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Why This Matters: There is not much left of the Clean Water Act with the Trump Administration at the helm of the so-called Environmental Protection Agency. The agency has limited the scope of what the Act covers, refused to regulate a chemical that hundreds of thousands of Americans are ingesting at levels that are not safe, and it is totally failing to oversee the states in monitoring pollutant discharges as required by the Act.
As for the rocket fuel chemical, the Environmental Protection Agency (EPA) is under a court order requiring the agency to establish a safe drinking-water standard for the chemical, called perchlorate, by the end of June, but Administrator Wheeler decided to defy it. In addition, according to The New York Times, the agency also overturned the previous scientific determination that declared perchlorate a serious health risk for five million to 16 million people in the United States. Some states are working to reduce contamination using state regulations. Environmental groups expressed dismay. “Today’s decision is illegal, unscientific and unconscionable,” Erik D. Olson of Natural Resources Defense Council told The Times. “The Environmental Protection Agency is threatening the health of pregnant moms and young children with toxic chemicals in their drinking water at levels that literally can cause loss of I.Q. points. Is this what the Environmental Protection Agency has come to?” Meanwhile, the state of Massachusetts’ state environmental protection agency is years behind in filing its Clean Water Act monitoring reports with the EPA, which “has left the public with a murky picture of water quality in the state,” Suzanne M. Bump, the state auditor, said in a statement according to The Globe.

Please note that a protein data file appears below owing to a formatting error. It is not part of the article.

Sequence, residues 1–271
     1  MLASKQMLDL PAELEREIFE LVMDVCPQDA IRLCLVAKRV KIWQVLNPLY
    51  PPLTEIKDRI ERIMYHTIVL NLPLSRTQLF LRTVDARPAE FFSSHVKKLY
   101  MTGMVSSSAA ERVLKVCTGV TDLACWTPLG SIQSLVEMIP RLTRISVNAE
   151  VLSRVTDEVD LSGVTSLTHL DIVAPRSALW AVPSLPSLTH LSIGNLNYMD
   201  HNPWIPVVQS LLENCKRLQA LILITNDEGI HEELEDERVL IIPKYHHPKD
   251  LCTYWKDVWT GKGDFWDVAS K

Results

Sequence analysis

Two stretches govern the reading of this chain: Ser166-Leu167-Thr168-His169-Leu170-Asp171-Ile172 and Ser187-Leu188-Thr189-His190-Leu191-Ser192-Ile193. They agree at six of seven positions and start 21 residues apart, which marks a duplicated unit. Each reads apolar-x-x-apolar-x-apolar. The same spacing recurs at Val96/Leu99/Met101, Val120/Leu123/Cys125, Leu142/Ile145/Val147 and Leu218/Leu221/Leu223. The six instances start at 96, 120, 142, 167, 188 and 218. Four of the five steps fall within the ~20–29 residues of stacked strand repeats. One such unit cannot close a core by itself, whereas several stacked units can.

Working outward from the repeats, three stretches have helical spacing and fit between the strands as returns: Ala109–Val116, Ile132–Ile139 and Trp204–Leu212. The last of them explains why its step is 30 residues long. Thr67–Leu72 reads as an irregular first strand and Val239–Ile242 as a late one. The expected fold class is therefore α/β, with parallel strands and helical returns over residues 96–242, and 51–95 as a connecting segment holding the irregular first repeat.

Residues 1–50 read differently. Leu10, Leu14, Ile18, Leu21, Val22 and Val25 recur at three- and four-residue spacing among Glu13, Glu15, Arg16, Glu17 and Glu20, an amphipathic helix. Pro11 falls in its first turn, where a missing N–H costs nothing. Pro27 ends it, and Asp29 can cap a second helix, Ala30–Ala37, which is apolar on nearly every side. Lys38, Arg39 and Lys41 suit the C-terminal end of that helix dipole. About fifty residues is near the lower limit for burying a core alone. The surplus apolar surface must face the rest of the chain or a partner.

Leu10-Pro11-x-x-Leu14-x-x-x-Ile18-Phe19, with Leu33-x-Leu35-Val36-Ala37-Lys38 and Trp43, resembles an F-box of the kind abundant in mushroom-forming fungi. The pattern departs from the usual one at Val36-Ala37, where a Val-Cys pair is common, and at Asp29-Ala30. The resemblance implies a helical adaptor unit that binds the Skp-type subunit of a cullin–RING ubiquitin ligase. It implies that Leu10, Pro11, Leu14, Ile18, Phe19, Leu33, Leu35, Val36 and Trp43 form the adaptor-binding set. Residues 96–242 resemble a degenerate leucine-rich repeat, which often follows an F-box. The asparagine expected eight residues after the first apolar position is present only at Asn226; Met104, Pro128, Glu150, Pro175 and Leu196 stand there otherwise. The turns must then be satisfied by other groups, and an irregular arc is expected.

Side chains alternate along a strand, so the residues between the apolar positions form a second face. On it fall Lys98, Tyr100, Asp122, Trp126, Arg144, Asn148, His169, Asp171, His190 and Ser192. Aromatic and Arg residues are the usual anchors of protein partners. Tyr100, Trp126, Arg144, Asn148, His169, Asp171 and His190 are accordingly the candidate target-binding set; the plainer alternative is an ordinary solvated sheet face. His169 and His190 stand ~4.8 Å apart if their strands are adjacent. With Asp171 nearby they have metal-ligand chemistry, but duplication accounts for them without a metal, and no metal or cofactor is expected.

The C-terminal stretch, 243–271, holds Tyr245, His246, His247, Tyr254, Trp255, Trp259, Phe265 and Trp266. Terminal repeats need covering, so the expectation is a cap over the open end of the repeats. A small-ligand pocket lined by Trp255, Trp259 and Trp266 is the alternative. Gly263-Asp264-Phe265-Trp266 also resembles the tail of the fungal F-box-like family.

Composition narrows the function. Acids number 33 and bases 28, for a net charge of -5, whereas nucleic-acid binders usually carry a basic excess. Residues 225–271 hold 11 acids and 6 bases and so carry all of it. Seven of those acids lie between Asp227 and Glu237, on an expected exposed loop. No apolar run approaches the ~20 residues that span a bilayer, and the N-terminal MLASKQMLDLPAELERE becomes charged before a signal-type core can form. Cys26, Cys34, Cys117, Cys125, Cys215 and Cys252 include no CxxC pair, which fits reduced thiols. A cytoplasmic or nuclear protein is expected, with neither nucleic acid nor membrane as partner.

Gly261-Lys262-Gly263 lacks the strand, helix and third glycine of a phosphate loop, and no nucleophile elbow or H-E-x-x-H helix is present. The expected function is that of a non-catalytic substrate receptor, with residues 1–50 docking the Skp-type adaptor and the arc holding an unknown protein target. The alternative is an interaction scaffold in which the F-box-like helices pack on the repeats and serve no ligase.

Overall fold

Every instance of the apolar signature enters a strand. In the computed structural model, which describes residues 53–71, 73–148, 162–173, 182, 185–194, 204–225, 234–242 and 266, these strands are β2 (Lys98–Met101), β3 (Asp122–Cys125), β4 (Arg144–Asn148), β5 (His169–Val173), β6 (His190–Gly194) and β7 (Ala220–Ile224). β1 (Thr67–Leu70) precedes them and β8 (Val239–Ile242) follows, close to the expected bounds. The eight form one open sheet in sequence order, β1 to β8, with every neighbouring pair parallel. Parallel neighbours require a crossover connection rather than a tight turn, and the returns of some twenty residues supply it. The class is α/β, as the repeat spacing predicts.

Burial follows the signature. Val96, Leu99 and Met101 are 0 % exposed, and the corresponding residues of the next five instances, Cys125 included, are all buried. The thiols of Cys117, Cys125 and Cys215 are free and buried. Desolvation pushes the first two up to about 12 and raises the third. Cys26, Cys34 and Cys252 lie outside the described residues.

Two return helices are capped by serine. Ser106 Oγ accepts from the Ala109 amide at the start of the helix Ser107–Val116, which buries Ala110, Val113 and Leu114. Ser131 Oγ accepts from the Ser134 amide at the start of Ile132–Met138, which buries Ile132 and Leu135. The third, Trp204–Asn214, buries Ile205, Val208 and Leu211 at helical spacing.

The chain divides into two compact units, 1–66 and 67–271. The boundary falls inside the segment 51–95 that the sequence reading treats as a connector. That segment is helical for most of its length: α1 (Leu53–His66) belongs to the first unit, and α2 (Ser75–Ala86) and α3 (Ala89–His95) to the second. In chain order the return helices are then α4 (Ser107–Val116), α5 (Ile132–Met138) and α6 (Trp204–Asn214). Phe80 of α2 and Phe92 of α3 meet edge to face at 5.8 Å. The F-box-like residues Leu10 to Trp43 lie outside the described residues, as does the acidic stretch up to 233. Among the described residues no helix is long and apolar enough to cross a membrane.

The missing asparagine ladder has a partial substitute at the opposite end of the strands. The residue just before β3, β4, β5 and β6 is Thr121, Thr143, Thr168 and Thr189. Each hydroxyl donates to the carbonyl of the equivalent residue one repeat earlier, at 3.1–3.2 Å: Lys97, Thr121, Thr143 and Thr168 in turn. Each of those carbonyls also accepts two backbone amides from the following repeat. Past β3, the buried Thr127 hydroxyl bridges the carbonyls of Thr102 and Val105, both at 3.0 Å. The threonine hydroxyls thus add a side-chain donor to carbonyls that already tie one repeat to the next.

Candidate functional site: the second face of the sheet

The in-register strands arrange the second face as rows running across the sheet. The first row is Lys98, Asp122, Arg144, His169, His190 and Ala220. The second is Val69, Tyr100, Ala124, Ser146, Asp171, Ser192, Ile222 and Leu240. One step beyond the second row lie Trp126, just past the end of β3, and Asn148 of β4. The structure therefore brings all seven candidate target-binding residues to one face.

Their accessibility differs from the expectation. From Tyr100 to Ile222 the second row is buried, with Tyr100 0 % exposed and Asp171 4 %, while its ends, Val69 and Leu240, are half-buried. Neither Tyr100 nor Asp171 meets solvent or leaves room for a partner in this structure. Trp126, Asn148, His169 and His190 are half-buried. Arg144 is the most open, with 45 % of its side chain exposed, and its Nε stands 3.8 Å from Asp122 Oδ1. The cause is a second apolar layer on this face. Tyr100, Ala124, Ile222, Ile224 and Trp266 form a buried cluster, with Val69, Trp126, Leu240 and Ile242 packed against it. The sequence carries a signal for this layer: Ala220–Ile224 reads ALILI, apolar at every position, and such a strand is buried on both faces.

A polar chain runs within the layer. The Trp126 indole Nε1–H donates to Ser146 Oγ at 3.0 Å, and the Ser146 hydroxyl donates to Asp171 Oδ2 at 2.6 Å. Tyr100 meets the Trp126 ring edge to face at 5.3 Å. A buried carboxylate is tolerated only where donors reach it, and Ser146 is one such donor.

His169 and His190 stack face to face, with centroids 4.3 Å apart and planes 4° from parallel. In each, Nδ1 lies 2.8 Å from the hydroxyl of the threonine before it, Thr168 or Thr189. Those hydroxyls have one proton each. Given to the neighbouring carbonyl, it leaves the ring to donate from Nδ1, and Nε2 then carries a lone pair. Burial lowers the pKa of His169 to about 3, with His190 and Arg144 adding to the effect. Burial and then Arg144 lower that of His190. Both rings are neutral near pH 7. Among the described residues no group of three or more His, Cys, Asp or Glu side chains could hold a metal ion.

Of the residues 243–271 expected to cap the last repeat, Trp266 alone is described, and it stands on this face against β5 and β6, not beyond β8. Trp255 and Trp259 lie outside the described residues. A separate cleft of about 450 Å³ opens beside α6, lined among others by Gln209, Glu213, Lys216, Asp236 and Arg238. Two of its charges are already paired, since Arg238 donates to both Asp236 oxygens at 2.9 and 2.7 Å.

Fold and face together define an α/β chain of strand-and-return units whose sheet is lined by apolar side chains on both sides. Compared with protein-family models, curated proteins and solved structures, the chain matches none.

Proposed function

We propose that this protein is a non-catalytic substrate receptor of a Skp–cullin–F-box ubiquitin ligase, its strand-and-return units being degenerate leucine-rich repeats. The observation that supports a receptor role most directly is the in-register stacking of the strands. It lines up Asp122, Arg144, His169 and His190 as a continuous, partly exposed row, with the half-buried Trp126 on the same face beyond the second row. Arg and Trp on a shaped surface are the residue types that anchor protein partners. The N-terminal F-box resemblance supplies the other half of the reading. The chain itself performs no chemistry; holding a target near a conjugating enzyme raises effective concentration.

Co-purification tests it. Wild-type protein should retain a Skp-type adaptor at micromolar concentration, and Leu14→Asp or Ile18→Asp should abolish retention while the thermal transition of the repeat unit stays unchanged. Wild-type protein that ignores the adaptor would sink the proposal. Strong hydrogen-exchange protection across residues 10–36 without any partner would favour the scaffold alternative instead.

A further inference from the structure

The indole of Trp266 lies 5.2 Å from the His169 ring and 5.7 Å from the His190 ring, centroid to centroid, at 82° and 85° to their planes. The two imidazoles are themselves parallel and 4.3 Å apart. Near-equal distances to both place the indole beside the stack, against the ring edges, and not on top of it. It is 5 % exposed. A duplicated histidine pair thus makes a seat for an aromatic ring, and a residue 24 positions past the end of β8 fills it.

by Amy Lupica, ODP Staff Writer A first-of-its-kind study has found that in the next 20 years, 1.6 billion people will be affected by crumbling aquifers. Subsidence, the degradation of aquifers due to over-extraction of water and drought, causes the earth to cave in reducing aquifers’ ability to hold water and puts communities at risk […]
by Amy Lupica, ODP Staff Writer Despite a century of knowledge on the dangers of lead poisoning, dozens of studies showing the impacts of lead on children’s development, and high-profile humanitarian disasters like the 2014 Flint Water Crisis, millions of Americans are still being exposed to lead in their drinking water. What’s worse: new studies […]
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